However, success seems to be its own curse, to the point where the world has pretty much gotten used to the idea of these long extinct creatures now being brought back to life and is beginning to become a little less fascinated by it all, save for a few obligatory dino enthusiast kids thrown into the mix. The solution seems obvious to these people who believe that they hold the key to do whatever they want with these creatures in the name of a profit: If they’ve run out of real dinosaurs, why not make new ones? Thus the creation of a high-tech hybrid designer dinosaur named “Indominus rex,” which is specially designed to scare the pants off visitors, thus making it less awkward for the suits to pick their pockets. Naturally, playing God in this franchise has a way of backfiring in horrific ways that still somehow brings together the people who get caught up in the chaos to either fall in love or learn a lesson and reconcile with one another through their shared traumatic experiences.

Jurassic World - Bryce Dallas Howard

Look, I’m not going to pretend like Jurassic World is the most original or even intelligent film ever. It is pretty much a giant retread of the first film with less brains and more action. And far, far more self-awareness. Even more so than Jurassic Park III, only this time, it’s a lot more enjoyable. They’ve even thrown in New Girl’s Jake Johnson into the mix as a sarcastic hipster programmer who makes comic relief references to the original park (and, for us, the original movie). This might sound annoying, I guess, but, in practice, it’s actually pretty amusing. This retread stuff is also livened up by a wide variety of setpieces, too, most of which I wouldn’t want to spoil here, as that would basically give the whole film away, but I can at least let you know that the ones shown in the trailers were just small slivers of what’s in store for you. This movie’s packed with ridiculous fan service, and if you can look past the tonal shift from the more serious first movie (which did still have some silly moments, don’t kid yourself), you should be good to go. That being said, there’s also quite a bit of gruesome violence, both on screen and suggested. That pterosaur attack that’s in all the trailers, for example, is actually one of the film’s scariest and violent scenes. There were times that the movie reminded me of slasher films with the indiscriminate blood splattering. It was pretty satisfying, to be honest, but also kind of surprising, so… parents, you’ve been warned.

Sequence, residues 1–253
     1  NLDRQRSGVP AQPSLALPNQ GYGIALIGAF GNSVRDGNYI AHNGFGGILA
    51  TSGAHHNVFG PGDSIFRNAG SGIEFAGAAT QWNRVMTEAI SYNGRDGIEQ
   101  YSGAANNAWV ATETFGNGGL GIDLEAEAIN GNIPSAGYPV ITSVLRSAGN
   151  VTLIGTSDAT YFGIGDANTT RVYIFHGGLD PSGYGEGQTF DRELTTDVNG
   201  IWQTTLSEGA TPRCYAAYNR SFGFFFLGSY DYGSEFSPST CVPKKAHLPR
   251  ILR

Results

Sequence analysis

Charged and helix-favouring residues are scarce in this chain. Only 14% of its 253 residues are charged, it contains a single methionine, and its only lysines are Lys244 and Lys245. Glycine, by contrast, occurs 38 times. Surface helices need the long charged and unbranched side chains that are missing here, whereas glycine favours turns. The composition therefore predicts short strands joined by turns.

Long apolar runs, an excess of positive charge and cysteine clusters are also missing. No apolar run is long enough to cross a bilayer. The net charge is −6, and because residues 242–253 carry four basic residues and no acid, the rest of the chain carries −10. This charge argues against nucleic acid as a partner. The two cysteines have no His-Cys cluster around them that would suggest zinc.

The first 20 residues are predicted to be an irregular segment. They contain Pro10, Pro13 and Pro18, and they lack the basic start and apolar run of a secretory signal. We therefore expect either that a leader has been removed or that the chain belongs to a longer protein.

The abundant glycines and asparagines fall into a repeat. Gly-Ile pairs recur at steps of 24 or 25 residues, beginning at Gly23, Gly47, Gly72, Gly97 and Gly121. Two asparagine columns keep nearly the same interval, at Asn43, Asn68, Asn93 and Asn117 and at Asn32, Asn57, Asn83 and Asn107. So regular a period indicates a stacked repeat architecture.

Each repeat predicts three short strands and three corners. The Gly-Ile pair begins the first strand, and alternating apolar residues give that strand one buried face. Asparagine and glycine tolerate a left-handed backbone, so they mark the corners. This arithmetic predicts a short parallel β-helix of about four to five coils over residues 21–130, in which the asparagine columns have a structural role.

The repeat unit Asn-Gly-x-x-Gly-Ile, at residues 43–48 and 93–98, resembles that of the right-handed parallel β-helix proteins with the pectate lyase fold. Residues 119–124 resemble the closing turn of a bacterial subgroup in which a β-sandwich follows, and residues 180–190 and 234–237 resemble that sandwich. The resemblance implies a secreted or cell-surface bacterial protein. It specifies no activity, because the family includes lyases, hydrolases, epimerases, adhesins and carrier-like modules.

Jurassic World - Indominus rex

This retread also wouldn’t have been nearly as tolerable without the cast, too, and, luckily, Chris Pratt’s charms have not yet worn out their welcome, with the goofball-supporting-actor-turned-leading-man playing his velociraptor trainer hero as a notch more serious and cool than Star-Lord in Guardians of the Galaxy. (Yes, you heard that right – he’s a velociraptor trainer, and the movie makes that little aspect work surprisingly well, too.) Bryce Dallas Howard is also present as the COO of the park, standing in for the John Hammond role as well as the love interest to the leading man. Previews made her look like your typical career-minded rich you-know-what, but that’s really not the case here. Both she and Pratt are undoubtedly playing the stock bickering former couple doomed to fall in love with each other again, with Howard playing the humorless stiff and Pratt the charming rogue, but, as Red Letter Media’s Mike Stoklasa pointed out, it’s actually more reminiscent of the relationship between Han Solo and Leia instead of… say… Katherine Heigl and Seth Rogen. It’s a fun relationship, and the actors are perfectly likable in their stock roles.